LD Picks: Trends in Health & Nutrition for 2017

2016 marked a year of both peculiar and timeless food trends, advanced fitness technology and questionable fads. With the arrival of 2017, perhaps something a little different is required. If so, we’ve got you covered. Read on for a list of health and nutrition trends to keep in mind—and a few to avoid—to stay on track for a healthy, happy and effortless 2017.

1. Sprouting

According to the Canadian Health Food Association (CHFA), sprouting is the first new natural food trend expected to gain attention this year. Not only is sprouting a nutritious way to add nutrient-rich vitamins and minerals in your diet, but you can actually grow sprouts from the comfort of your own home. DIY sprouting is simple and affordable. The CHFA recommends the tiny green mung bean popular in Asian countries, and just one cup provides a full day’s intake of iron. To sprout these yourself, all you need are seeds, an airtight jar and water.

2. Cutting (not quitting) sugar

It may sound tough—if not impossible—to fully eliminate sugar from your diet. One starting point might be to make sure you’re consuming it moderately, since too much sugar is linked to diabetes, heart disease and obesities and can have other lasting effects on the body. Scientists are still debating why exactly sugar should be avoided along with processed foods containing large amounts of sugar. Some studies and doctors will still suggest alternatives like stevia, which contains zero calories and does not cause a blood spike like sugar does. Not a fan of artificial sweeteners? For natural options, honey and dates represent a safe and smart addition to your pantry.

3. Kefir

Another DIY option for the health-conscious: kefir is a fermented milk product with a similar consistency and almost-identical taste to yogurt. It contains 30 different microorganisms, and is a fantastic source of probiotics and prebiotics. Make it at home with milk, kefir cultures and a cheesecloth, and pour over granola or in a smoothie. Kefir is also a great option after a workout to promote healthy digestion.

4. Smart carbs

Another predicted health trend from the CHFA is a surge in smart and healthy carbohydrates. Although many people aim, around the new year, to avoid carbs as much as possible (or at least for as long as possible), it is possible to live a healthy life while following a carb-conscious (but realistic) diet. As long as you’re eating the right carbs, you can safely say no to the guilt. Instead of white bread, reach for bread made with ancient grains, which are nutrient-rich and fibre-packed, and will keep you fuller longer while satisfying your cravings. Or instead of fried potato chips, opt for beet chips or a snack containing complex-carbs. Don’t deny yourself snacks, we say – just snack responsibly.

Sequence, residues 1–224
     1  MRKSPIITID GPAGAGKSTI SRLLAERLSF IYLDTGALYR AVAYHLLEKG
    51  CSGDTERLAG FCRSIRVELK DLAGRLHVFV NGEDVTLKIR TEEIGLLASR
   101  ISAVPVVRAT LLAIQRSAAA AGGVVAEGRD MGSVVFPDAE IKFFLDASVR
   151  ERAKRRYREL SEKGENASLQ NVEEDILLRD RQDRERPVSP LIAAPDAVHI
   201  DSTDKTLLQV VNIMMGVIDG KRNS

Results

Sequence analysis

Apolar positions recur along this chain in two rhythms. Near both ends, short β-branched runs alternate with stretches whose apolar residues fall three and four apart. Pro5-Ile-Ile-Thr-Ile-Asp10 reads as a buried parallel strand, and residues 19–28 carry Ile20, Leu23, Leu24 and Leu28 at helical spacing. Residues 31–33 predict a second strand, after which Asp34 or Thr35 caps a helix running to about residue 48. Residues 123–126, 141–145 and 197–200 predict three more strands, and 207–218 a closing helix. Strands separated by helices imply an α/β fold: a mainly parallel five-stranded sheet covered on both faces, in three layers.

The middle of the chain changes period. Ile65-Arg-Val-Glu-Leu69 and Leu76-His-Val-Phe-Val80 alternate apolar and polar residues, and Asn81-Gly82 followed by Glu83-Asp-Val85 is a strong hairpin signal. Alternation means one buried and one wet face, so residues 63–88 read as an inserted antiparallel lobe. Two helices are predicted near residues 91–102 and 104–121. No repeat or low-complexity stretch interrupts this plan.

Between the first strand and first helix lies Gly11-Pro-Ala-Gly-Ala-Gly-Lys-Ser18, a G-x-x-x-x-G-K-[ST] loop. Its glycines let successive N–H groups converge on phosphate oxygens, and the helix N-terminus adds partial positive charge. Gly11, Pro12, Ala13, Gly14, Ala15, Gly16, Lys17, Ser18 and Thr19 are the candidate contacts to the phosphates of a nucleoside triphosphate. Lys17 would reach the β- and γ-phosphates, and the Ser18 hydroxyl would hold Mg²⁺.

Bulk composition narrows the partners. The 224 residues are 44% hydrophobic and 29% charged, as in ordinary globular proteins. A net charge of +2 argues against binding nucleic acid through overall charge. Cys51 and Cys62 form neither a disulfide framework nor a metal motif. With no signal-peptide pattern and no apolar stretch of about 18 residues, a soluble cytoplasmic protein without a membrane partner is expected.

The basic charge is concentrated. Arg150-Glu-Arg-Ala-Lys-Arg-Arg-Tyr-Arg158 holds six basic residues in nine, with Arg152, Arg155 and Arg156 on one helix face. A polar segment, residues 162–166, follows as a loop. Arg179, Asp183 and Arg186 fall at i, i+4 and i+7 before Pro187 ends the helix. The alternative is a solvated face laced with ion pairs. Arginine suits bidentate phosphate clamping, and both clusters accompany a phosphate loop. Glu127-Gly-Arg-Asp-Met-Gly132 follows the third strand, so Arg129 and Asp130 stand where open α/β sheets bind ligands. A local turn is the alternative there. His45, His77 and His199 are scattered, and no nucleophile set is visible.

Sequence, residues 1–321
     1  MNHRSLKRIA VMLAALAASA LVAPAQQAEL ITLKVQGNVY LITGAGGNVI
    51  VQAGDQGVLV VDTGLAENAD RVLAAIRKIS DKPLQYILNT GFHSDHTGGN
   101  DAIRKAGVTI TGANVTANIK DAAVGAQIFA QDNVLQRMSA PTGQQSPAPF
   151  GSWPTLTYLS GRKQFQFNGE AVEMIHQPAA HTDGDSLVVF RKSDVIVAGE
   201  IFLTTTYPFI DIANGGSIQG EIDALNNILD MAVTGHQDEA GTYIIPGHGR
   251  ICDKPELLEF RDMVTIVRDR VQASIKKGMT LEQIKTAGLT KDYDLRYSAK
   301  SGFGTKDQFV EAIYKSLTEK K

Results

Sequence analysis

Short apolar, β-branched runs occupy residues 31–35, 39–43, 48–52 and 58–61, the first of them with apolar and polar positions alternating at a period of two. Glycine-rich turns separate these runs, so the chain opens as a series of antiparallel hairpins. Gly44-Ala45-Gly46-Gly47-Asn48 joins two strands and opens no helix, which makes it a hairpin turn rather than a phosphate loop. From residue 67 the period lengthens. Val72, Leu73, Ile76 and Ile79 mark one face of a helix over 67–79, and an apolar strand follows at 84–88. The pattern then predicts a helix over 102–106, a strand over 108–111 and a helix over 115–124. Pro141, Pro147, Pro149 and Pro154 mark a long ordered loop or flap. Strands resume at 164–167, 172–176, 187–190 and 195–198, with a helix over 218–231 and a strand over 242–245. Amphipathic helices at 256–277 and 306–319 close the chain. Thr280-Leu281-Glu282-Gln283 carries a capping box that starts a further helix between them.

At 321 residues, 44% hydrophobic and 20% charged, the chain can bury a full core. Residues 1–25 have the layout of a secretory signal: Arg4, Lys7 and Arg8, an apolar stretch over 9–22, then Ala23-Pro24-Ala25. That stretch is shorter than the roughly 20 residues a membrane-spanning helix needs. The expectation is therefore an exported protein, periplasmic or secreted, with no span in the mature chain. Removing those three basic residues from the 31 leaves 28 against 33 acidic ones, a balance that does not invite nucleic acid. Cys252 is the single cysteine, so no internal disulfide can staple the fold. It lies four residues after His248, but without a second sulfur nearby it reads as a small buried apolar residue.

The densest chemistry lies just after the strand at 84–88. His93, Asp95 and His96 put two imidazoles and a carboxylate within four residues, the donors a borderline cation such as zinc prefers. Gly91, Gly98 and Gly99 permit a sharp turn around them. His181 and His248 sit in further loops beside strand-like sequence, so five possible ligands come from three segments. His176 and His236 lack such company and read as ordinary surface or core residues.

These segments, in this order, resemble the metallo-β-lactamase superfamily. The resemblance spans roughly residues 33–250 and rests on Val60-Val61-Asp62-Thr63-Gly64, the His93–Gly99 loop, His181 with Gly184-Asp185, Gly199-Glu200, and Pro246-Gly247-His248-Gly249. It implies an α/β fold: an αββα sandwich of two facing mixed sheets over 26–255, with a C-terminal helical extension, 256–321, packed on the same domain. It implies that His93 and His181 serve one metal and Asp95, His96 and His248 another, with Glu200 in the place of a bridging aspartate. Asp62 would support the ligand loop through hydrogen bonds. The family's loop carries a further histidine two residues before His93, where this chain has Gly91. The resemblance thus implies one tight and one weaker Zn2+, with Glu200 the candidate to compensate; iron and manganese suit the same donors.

5. Fitness made fun

A new year almost always involves far-fetched goals of hitting the gym five times a week, or finally kicking that habit of devouring chocolate bars on a nightly basis. But year after year, fitness centres see a drastic dip in membership come February, when real life gets in the way. Instead, set a fun fitness goal that you can train for with a friend. Obstacle courses such as Tough Mudder, the Spartan Race or a more family-friendly race are great places to start. Not only can you avoid boredom by switching up training (think: distance running to sprints, or weight training and yoga), but in the process you may even find something that you love and choose to pursue. If obstacle courses aren’t your cup of tea, there are plenty more opportunities to try out a new fitness trend.

Wondering what trend you should leave behind?

Fat fear

Fat, like carbohydrates, often gets a bad rep. When we think fat, we tend to picture slabs of bacon or blocks of butter. But fat doesn’t necessarily make you fat – as long as you’re  ware of which fats are healthy to consume and which to stay away from. Certain fats, Omega-3s, are found in wild salmon and flax seed. There are also fats that help your body burn food efficiently, such as olive oil and walnuts. Of course, try to limit yourself when it comes to trans fats found in your favourite hamburger or pizza slice. Be mindful of what goes into your body, but don’t limit yourself from what really makes you happy.

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